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Lawsuit: Cable installer raped 72-year-old Dallas woman

The victim, who is not named in the lawsuit, is a 72-year-old woman suffering from Alzheimer's who lives in Dallas.

The family of a Dallas woman is now suing Charter Communications and a third-party cable installation company after she was raped while having her services set up last year.

The victim, who is not named in the lawsuit, is a 72-year-old woman suffering from Alzheimer’s who lives in Dallas.

According to court documents, Charter Communications sent a contractor in April of 2017 to the woman’s home to set up cable, internet, and telephone services.

During the visit, the documents say 23-year-old Moises Cabrera (the installer) directed the victim to her bedroom after finishing all installations.

From there, the documents say that Cabrera ordered the 72-year-old woman to remove her pants and then began to rape and sexually assault her.

The details of the assault laid out in the lawsuit are horrifyingly graphic.

According to the lawsuit, the woman’s niece visited the home shortly after the incident where she learned about the assault.

The niece and her husband then called Dallas police to report what happened.

Cabrera was arrested weeks later in May after police performed a sexual assault examination on the woman. He is currently facing an aggravated sexual assault charge.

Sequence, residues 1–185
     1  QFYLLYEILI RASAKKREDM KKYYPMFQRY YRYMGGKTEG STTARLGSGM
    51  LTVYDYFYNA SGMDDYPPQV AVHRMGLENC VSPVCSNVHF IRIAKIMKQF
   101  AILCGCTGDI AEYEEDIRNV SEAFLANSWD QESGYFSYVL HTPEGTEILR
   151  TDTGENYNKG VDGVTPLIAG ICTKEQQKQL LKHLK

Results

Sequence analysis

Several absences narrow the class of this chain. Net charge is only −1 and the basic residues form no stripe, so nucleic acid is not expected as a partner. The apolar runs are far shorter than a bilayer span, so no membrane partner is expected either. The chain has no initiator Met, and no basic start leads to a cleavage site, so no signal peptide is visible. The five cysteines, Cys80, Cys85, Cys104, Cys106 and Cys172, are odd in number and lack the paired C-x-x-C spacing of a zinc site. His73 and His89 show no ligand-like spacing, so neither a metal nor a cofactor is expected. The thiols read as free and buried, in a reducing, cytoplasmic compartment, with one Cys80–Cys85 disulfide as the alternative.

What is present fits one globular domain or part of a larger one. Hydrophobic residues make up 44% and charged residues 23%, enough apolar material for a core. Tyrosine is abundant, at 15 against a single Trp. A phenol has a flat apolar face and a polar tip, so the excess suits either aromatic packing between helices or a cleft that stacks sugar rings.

The 72-year-old’s niece spoke with WFAA but didn’t want to be identified. She said that the entire situation has been difficult to comprehend.

“You feel violated,” the niece said. “To be honest, I wanted to find him and just understand why somebody would do that.”

A representative from Charter Communications declined to comment on the lawsuit but told WFAA that Cabrera stopped working with the company once the allegations surfaced.

According to the lawsuit, Cabrera worked with DCOMM Inc. which is a cable and telecommunication installation company.

Mike Lyons, a civil attorney, is representing the victim in the lawsuit. He said that fact concerned him.

“Calling the cable person to come to your house—that’s not something you ordinarily associate with the threat of criminal danger,” Lyons said.

“The unsuspecting public doesn’t know they’re doing business with who they think they’re doing business with—that person that’s in your home isn’t who you think,” he said. “And if something bad happens, it’s not Spectrum that’s going to show up and say, ‘let’s fix this,’ it’s a third party you’re going to be dealing with.”

The victim’s niece just wants people to know that they should be careful who they trust.

“I’m terrified to be inside my home with somebody I don’t know,” she said. “I would like to see someone take responsibility for this.”

The lawyer representing DCOMM in the lawsuit declined to comment.

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